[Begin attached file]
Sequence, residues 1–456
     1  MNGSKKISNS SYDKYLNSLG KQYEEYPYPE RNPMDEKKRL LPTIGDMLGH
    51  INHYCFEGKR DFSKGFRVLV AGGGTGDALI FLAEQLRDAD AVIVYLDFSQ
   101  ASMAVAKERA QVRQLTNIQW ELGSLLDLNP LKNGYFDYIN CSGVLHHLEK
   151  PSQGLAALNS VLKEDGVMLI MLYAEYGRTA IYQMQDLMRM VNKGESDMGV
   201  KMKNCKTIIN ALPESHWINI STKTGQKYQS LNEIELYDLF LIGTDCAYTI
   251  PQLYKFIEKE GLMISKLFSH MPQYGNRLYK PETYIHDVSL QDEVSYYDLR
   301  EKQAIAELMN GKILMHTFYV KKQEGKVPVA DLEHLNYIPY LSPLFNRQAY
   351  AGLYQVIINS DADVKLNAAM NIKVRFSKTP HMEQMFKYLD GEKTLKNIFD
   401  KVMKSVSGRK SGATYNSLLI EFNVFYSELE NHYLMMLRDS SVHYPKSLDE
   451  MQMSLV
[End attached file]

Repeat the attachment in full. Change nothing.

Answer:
Sequence, residues 1–456
     1  MNGSKKISNS SYDKYLNSLG KQYEEYPYPE RNPMDEKKRL LPTIGDMLGH
    51  INHYCFEGKR DFSKGFRVLV AGGGTGDALI FLAEQLRDAD AVIVYLDFSQ
   101  ASMAVAKERA QVRQLTNIQW ELGSLLDLNP LKNGYFDYIN CSGVLHHLEK
   151  PSQGLAALNS VLKEDGVMLI MLYAEYGRTA IYQMQDLMRM VNKGESDMGV
   201  KMKNCKTIIN ALPESHWINI STKTGQKYQS LNEIELYDLF LIGTDCAYTI
   251  PQLYKFIEKE GLMISKLFSH MPQYGNRLYK PETYIHDVSL QDEVSYYDLR
   301  EKQAIAELMN GKILMHTFYV KKQEGKVPVA DLEHLNYIPY LSPLFNRQAY
   351  AGLYQVIINS DADVKLNAAM NIKVRFSKTP HMEQMFKYLD GEKTLKNIFD
   401  KVMKSVSGRK SGATYNSLLI EFNVFYSELE NHYLMMLRDS SVHYPKSLDE
   451  MQMSLV